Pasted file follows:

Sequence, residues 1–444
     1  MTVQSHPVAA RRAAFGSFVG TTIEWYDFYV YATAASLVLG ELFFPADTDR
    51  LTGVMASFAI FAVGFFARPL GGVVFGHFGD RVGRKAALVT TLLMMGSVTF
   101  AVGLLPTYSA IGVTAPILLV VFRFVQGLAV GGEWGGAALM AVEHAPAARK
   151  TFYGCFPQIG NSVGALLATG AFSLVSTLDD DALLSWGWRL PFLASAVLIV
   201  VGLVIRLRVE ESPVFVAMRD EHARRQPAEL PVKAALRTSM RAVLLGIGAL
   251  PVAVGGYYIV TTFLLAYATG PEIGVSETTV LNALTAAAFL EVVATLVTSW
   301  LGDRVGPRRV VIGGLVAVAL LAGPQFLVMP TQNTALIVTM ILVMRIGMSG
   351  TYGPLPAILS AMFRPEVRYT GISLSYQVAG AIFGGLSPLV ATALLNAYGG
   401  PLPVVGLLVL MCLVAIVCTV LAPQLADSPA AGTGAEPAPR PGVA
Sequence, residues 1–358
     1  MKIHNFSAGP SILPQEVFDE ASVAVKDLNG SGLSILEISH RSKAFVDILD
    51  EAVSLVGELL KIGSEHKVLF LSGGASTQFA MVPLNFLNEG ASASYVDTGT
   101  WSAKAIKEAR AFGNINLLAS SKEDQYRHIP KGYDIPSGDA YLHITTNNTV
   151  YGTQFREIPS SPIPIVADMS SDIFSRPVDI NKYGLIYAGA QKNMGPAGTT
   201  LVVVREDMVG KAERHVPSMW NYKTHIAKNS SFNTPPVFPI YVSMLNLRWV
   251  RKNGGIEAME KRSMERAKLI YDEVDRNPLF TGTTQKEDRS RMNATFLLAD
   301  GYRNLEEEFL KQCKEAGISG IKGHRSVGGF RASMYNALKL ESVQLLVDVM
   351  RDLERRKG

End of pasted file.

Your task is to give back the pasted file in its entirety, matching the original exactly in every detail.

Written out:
Sequence, residues 1–444
     1  MTVQSHPVAA RRAAFGSFVG TTIEWYDFYV YATAASLVLG ELFFPADTDR
    51  LTGVMASFAI FAVGFFARPL GGVVFGHFGD RVGRKAALVT TLLMMGSVTF
   101  AVGLLPTYSA IGVTAPILLV VFRFVQGLAV GGEWGGAALM AVEHAPAARK
   151  TFYGCFPQIG NSVGALLATG AFSLVSTLDD DALLSWGWRL PFLASAVLIV
   201  VGLVIRLRVE ESPVFVAMRD EHARRQPAEL PVKAALRTSM RAVLLGIGAL
   251  PVAVGGYYIV TTFLLAYATG PEIGVSETTV LNALTAAAFL EVVATLVTSW
   301  LGDRVGPRRV VIGGLVAVAL LAGPQFLVMP TQNTALIVTM ILVMRIGMSG
   351  TYGPLPAILS AMFRPEVRYT GISLSYQVAG AIFGGLSPLV ATALLNAYGG
   401  PLPVVGLLVL MCLVAIVCTV LAPQLADSPA AGTGAEPAPR PGVA
Sequence, residues 1–358
     1  MKIHNFSAGP SILPQEVFDE ASVAVKDLNG SGLSILEISH RSKAFVDILD
    51  EAVSLVGELL KIGSEHKVLF LSGGASTQFA MVPLNFLNEG ASASYVDTGT
   101  WSAKAIKEAR AFGNINLLAS SKEDQYRHIP KGYDIPSGDA YLHITTNNTV
   151  YGTQFREIPS SPIPIVADMS SDIFSRPVDI NKYGLIYAGA QKNMGPAGTT
   201  LVVVREDMVG KAERHVPSMW NYKTHIAKNS SFNTPPVFPI YVSMLNLRWV
   251  RKNGGIEAME KRSMERAKLI YDEVDRNPLF TGTTQKEDRS RMNATFLLAD
   301  GYRNLEEEFL KQCKEAGISG IKGHRSVGGF RASMYNALKL ESVQLLVDVM
   351  RDLERRKG